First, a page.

Number  1: “The trick is to concisely introduce the value up front.” When you’re only working with 140 characters, this is important in catching the audience’s attention. Whenever you’re creating promotional materials for an event that involves free stuff or money, you have to make it seen. A lot of times they say words like ‘free,’ ‘food,’ ‘win,’ and ‘money,’ should be the most noticeable words on the flyer. You only have a few seconds to get their interest before they’re on to something else. Make it count!

Number 6: “There is a major element of Twitter that’s about listening and learning.” While a business’s success in social media is sometimes dependent on engaging with the audience, another important aspect is listening. If you don’t listen to what they’re saying, you can’t contribute anything of importance to the conversation. Also, listening can help prevent crises in the future. 😉

Number 7: “It validates us more when other people talk about us than when we talk about ourselves.” Someone once told me that if you’re a good person, you won’t have to say it because others will say it about you. I think that applies to businesses too.

Number 20: Social media has become a powerful vehicle for fundraising. In 2010, Alicia Keys recruited some of her celebrity friends to help raise money for her organization Keep A Child Alive for World Aids Day. The celebrities suffered a ‘digital death’ where they weren’t allowed to tweet until the organization was able to raise $1 million dollars in donations via Twitter. They reached their mark in two weeks.

Chapter 9 talked about mobile location networking, widgets and videos. One of the main things I took from this chapter is that you have to make sure your content is relevant to your target audience. Just because the different tools are out there, doesn’t mean that every one of them will fit your message and audience.

Very good chapters!

Bloggin’ the Blog

After reading Chapter 4 of Brian Solis‘s book “Engage!”, I’ve noticed he uses the word ‘bridge’ a lot when discussing social media. He stresses the importance of having bridges to allow the two-way interaction between the company and its publics. The time the company contributes to building those bridges is going to determine if social media becomes an opportunity for failure or success. He also points out that since it’s a two-way information flow, the company’s choice to ignore it or embrace it will not stop the conversation, it’s going to continue either way. Solis said, “We contribute to our perception through absence and participation. We contribute to our presence.” In other words, the amount of time and effort you put into developing your social media presence is going to reflect in your company’s image. The best method is to be immersed in the conversation so that if negative things do come up, you’re there to put out the small fires.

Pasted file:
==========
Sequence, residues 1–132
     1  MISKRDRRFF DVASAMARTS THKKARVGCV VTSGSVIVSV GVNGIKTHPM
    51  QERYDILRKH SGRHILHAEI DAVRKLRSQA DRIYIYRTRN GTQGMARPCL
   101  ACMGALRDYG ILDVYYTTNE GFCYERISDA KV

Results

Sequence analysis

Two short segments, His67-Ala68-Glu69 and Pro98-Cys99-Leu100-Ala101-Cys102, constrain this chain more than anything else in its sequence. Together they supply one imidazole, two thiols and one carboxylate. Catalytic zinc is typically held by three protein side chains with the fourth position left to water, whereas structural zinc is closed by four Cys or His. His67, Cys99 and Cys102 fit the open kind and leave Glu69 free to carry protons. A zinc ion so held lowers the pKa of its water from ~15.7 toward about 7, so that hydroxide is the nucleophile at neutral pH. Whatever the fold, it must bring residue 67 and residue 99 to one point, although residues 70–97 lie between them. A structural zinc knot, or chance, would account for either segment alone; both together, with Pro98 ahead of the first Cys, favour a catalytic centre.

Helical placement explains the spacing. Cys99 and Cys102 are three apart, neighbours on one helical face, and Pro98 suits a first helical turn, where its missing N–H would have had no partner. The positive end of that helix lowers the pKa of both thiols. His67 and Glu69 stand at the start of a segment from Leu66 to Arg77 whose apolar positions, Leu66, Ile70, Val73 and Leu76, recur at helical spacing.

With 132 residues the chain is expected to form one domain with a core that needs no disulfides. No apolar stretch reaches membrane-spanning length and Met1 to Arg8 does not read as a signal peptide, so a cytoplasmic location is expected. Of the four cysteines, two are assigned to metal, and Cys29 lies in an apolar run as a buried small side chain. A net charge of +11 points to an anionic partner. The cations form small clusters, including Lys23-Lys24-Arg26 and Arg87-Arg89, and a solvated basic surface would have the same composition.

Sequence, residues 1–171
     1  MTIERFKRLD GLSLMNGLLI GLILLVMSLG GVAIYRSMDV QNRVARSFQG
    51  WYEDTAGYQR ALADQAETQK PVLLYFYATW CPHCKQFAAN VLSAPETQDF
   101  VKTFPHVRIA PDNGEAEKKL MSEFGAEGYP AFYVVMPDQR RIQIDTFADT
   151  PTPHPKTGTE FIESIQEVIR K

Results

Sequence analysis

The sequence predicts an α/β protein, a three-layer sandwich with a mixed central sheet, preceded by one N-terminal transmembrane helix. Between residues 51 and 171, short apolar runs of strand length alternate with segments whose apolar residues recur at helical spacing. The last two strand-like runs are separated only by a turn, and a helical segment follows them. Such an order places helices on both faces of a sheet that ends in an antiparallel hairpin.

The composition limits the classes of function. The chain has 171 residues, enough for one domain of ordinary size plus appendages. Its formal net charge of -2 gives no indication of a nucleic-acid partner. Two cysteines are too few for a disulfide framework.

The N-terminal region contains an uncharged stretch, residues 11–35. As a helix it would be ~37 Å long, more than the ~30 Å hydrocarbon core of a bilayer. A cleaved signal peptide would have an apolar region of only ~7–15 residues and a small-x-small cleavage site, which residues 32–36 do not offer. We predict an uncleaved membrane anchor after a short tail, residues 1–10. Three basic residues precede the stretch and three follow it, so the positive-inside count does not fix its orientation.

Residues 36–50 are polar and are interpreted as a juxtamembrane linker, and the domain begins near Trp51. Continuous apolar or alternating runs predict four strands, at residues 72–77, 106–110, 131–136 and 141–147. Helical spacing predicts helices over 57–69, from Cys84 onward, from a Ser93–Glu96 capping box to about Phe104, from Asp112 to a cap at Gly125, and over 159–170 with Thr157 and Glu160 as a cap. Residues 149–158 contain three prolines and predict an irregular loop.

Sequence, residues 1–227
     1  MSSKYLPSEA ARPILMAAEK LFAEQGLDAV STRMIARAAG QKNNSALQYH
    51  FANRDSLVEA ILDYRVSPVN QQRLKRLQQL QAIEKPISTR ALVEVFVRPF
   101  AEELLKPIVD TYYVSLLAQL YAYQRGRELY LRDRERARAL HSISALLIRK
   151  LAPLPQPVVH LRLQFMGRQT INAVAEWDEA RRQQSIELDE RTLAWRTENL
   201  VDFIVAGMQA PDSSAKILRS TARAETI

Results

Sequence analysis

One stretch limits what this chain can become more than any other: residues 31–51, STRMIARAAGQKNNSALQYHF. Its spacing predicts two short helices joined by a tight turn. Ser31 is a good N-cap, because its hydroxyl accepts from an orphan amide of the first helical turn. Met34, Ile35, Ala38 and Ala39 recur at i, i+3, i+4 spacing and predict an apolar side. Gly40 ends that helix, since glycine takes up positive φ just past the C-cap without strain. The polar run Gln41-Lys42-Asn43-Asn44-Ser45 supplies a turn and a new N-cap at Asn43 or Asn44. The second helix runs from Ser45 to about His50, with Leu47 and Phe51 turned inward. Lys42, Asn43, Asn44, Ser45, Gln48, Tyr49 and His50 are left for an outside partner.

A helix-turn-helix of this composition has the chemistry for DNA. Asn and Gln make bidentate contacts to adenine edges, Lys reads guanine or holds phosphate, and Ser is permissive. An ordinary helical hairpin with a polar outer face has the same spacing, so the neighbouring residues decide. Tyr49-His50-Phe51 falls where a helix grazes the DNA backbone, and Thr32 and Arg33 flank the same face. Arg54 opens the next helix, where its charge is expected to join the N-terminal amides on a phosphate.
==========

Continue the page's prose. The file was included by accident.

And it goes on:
Another theme that comes up is the notion of ‘earning’ success in social media. Just because you create an account doesn’t guarantee your brand success. Solis stated, “…reach is not prescribed; it must be earned.” Yes, you may have the initial followers, but if you don’t keep them engaged you will lose them just as quick. Once again, the time and effort you put into communicating with your publics will determine how many people you reach.

In this chapter, Solis highlights the several different forums. The first was blogs. I’m not an avid blogger, but I do read a lot of them to catch up on the latest entertainment news. To be honest, I don’t really associate blogs with companies because sometimes they’re just miniature billboards. Solis brought up a great point when he said, “The best corporate blogs are genuine and designed to help people.” Readers don’t want to read pages of ads; we see enough of them on TV every day. I think a good method some companies use when blogging is having experts as guest bloggers. It keeps the blog fresh and it attracts different audiences.

Podcasts are amazing! I‘ve subscribed to a few channels for my favorite shows. It’s basically commentary from the producers and writers of the show. Every episode, they record a podcast to explain why they shot a scene a certain way or how the idea for a certain line came about. I really enjoy it as a listener and viewer because it lets me into their world.  It makes me appreciate the product (TV show) more because now I know what goes into creating it. I think podcasts are another great way to make the consumer feel like they’re getting exclusive information. It keeps them engaged.

Lastly, IBM’s Second Life virtual community sounds really cool! The fact that they effectively used the tools available to them and saved so much money (between $320,000 -$350,000 according to reports) is awesome. They recognized a way to connect all of their employees and executives from around the world, which was groundbreaking at the time.

Follow this link to a short video about the virtual community. Very interesting.

Another great chapter!

Where They Went Wrong…

I came across an interesting article on Clinkz.com that related back to Chapter 3 of Brian Solis’s book, “Engage.” The article highlighted the five biggest mistakes businesses make when using social media in marketing. I wasn’t surprised to find that every one of the mistake identified had been brought up in my social media class and Solis’s book.